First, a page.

Bariatric surgery is done to help obese people lose drastic amounts of weight. But the surgery itself can be pretty drastic. It often involves bypassing a large part of the stomach by permanently stapling it shut. It also often involves bypassing a large part of the small intestine so the patient doesn’t absorb as much calories (and other nutrition) from foods as before. This means the surgery deliberately induces a “malabsorption” for the patient, which the patient must diligently take lifelong medicines and a special diet to combat.
Weight loss surgery is an exploding industry in the United States with billions of dollars in revenue. The medical malpractice issues that our firm has seen with this surgery include:
- Surgery on weight loss candidates who really don’t qualify for it. Surgery is supposed to be a last resort for people who are at least 100 pounds overweight or have a Body Mass Index of 40 or higher (or 35 with a documented disease related to the obesity).
- Surgery conducted by surgeons who lack proper training, or dedication, to follow their patients closely.
- Surgeons failing to jump on the first sign that a patient might have a leak in the sutures rerouting the stomach and intestines.
- Surgeons who fail to realize how easy it is for these patients to develop life-threatening small bowel obstruction, even months or years after the surgery.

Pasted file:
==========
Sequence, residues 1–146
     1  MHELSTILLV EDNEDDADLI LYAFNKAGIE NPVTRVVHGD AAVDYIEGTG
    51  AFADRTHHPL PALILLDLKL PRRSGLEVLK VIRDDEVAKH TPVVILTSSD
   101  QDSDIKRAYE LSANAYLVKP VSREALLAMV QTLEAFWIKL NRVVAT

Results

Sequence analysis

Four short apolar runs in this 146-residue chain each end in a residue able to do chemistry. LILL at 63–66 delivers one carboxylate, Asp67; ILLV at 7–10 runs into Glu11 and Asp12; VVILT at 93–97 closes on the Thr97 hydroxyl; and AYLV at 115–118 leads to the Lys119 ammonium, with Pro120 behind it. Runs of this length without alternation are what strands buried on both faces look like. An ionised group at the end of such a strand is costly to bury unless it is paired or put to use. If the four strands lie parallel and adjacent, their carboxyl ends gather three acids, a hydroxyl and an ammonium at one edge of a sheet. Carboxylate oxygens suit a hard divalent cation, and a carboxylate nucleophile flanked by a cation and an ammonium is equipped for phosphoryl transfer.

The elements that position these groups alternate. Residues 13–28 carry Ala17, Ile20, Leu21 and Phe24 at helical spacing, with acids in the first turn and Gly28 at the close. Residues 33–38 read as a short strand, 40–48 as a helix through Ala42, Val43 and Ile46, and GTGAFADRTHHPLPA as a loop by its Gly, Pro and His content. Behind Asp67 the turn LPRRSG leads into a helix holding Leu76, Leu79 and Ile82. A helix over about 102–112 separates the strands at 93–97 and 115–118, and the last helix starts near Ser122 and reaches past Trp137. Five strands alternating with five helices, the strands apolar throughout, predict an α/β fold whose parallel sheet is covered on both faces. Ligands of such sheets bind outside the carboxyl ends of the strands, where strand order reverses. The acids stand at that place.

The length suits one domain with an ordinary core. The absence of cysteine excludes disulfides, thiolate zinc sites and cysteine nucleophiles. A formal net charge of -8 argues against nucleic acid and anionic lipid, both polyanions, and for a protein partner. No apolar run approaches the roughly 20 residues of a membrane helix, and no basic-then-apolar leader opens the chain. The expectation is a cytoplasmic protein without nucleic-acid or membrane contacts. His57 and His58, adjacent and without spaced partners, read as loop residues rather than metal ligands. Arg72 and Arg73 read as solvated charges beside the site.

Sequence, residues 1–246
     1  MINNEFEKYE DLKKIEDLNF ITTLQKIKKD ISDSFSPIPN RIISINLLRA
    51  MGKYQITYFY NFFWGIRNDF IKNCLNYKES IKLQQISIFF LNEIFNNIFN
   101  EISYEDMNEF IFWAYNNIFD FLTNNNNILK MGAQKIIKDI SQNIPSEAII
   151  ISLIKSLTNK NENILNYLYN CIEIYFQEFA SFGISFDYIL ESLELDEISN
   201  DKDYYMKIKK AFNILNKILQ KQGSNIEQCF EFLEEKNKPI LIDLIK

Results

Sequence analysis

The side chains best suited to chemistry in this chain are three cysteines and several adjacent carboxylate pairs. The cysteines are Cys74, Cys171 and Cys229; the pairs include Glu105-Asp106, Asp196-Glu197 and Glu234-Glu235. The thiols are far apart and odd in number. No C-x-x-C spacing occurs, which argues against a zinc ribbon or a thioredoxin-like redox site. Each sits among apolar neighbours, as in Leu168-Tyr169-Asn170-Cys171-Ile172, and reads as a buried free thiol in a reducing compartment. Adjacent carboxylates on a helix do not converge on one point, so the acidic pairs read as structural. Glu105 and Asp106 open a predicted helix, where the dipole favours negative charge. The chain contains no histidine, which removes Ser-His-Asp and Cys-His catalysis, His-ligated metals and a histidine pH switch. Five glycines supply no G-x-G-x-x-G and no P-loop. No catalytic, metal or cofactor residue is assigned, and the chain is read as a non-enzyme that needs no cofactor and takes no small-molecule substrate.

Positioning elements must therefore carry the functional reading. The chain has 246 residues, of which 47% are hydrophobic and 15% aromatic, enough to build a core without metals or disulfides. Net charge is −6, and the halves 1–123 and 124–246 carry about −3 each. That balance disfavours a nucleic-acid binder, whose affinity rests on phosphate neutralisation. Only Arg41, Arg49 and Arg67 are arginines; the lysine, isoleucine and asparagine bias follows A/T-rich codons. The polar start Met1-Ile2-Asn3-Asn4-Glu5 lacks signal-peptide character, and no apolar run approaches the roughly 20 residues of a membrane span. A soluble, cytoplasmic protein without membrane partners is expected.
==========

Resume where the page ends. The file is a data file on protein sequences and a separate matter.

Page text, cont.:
Death can occur to these patients from blood clot in the lungs (pulmonary embolism), leak causing uncontrollable abdominal infection, and obstruction of the intestine causing gangrene (death of tissue). Leak and intestinal obstruction are the two most common causes of death after gastric bypass surgery. A medical malpractice lawsuit can be justified if the surgeon or hospital staff failed to follow appropriate standards of practice.
This diagram shows a typical gastric bypass surgery called Roux-en-Y. Notice that most of the stomach is stapled off and disconnected from the patient’s feeding system. Note also how a large section of small intestine at the lower end of the stomach, on the left of the diagram, is also disconnected from the feeding system.
This is very serious surgery, with a high risk for medical malpractice, and patients need to take it very seriously. Investigate your surgeon. Find out his experience and current volume of cases. Make sure he does not crowd too many cases into one day. Make sure he has adequate experience with the exact type of surgery proposed for you. Ask him if he tracks his complication rate and to give you details: such as percentage of patient deaths, percentage of re-operations, percentage of failures to lose significant weight. Read more…
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